The bias of the natural world is to vibrate. Second-order partial differential equations do a surprisingly good job of approximating the dynamics of many materials and media, with physical perturbations leading to harmonic oscillations (Smith, 2010). Accordingly, human hearing has evolved to be highly sensitive to phase-coherent oscillation, decomposing audio into spectrotemporal responses through the resonant properties of the basilar membrane and tonotopic mappings into the auditory cortex (Moerel et al., 2012; Chi et al., 2005; Theunissen & Elie, 2014). However, neural synthesis models often do not exploit these same biases for generation and perception.

Paper overview

The paper[5] starts off with some high-level criticisms of end-to-end neural approaches to audio, including WaveNet and SampleRNN:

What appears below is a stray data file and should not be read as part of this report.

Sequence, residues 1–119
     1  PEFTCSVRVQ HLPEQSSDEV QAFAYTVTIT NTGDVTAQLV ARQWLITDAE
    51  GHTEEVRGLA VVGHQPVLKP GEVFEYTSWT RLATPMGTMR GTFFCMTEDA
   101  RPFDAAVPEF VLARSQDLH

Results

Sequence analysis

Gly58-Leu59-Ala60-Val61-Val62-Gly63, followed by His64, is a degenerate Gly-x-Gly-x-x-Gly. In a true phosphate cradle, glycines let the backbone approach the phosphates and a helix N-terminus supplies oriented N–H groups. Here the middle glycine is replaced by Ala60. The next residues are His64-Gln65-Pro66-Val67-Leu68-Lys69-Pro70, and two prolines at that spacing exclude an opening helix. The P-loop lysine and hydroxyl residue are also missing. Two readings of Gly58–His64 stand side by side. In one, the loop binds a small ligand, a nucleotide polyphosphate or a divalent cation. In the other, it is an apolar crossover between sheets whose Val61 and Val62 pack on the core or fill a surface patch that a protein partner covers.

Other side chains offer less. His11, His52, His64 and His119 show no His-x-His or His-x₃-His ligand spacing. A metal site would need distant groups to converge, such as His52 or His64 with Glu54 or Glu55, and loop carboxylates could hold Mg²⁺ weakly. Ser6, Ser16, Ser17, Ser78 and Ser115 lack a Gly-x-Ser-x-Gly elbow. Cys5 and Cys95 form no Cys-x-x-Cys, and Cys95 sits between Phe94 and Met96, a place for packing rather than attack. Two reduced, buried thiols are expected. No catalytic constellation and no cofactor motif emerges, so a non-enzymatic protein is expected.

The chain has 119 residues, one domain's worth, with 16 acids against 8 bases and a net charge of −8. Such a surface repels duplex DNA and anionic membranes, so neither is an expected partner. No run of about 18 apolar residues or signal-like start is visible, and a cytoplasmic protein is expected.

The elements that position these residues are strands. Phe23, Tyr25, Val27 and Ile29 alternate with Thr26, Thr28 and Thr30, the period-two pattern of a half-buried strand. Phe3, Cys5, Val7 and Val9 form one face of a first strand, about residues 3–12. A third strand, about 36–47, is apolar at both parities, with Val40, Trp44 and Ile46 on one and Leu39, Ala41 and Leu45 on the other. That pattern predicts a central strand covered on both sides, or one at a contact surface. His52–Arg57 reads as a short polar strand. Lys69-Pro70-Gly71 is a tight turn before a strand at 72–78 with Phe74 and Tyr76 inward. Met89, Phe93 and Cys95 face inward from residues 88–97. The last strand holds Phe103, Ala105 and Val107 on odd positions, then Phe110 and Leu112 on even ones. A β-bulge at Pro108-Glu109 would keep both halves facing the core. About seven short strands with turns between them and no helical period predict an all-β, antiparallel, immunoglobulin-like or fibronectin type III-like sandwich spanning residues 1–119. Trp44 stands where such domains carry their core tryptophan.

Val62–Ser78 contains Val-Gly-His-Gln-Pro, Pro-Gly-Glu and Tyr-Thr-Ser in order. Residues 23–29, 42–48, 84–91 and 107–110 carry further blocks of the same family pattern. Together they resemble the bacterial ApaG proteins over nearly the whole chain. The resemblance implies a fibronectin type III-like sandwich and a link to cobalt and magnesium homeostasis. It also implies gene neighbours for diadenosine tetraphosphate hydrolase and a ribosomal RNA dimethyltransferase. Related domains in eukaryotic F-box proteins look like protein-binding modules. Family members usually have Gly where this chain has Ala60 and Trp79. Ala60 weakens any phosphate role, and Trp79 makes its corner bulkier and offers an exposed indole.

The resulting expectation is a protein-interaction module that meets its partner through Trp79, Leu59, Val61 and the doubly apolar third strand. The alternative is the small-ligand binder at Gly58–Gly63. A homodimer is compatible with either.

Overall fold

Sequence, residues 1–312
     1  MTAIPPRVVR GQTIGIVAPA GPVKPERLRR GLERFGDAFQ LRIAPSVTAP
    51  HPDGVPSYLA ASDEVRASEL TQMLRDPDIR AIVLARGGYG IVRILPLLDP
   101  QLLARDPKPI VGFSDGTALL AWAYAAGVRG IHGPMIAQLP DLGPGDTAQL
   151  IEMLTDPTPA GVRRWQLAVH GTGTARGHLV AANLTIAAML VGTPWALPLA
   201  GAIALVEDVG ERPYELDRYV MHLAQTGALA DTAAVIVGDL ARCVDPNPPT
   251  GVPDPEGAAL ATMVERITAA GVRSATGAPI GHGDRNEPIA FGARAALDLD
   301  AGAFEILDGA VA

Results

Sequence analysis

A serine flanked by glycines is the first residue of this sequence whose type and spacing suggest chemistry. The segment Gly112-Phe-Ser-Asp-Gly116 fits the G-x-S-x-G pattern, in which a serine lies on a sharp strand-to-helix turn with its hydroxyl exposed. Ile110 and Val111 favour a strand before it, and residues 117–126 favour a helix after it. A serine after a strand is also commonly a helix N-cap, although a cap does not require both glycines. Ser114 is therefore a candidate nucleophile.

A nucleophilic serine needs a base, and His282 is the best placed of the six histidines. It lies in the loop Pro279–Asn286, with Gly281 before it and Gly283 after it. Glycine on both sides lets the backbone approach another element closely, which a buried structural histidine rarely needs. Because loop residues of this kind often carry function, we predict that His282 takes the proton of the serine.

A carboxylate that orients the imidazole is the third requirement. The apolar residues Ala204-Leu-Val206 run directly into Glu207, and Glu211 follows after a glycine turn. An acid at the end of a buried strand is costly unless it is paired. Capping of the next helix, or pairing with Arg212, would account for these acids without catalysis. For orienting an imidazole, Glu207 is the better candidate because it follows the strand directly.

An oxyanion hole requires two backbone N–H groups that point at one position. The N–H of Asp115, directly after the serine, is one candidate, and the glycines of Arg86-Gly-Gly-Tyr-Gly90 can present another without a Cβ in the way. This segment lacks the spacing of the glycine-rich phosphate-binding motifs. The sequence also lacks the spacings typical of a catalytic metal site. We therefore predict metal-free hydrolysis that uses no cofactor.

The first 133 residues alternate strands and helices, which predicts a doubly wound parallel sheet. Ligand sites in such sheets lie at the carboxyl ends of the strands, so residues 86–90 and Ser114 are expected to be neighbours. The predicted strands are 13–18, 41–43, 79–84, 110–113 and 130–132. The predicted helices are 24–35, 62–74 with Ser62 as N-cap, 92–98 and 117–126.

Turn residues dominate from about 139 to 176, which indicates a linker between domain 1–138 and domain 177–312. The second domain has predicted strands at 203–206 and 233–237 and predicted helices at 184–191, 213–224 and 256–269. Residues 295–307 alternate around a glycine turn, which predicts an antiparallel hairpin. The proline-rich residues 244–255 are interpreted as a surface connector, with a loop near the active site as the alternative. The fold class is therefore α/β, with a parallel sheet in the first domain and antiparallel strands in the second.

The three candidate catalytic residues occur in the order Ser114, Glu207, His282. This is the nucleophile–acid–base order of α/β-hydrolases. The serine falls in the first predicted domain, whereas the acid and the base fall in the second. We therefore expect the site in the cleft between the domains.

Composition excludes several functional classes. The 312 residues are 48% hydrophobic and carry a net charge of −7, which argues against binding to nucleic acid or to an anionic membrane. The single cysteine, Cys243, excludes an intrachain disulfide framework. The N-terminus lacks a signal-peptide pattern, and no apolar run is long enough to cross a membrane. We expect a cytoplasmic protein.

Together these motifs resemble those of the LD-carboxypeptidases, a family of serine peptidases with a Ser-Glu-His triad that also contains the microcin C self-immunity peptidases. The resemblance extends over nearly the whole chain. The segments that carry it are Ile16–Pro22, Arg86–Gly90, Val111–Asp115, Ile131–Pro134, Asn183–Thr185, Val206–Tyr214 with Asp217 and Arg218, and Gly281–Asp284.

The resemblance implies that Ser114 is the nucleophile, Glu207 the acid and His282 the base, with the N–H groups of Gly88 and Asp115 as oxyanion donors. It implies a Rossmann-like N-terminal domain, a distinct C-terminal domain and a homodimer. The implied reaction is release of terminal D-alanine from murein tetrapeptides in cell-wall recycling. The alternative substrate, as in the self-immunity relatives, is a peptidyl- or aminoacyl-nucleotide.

The 3 criticisms are respectively:

strided convolution models–such as SING (Defossez et al., 2018), MCNN (Arik et al., 2019), and WaveGAN (Donahue et al., 2019)–generate waveforms directly with overlapping frames. Since audio oscillates at many frequencies, all with different periods from the fixed frame hop size, the model must precisely align waveforms between different frames and learn filters to cover all possible phase variations

Fourier-based models–such as Tacotron (Wang et al., 2017) and GANSynth (Engel et al., 2019)–also suffer from the phase-alignment problem, as the Short-time Fourier Transform (STFT) is a representation over windowed wave packets. Additionally, they must contend with spectral leakage, where sinusoids at multiple neighboring frequencies and phases must be combined to represent a single sinusoid when Fourier basis frequencies do not perfectly match the audio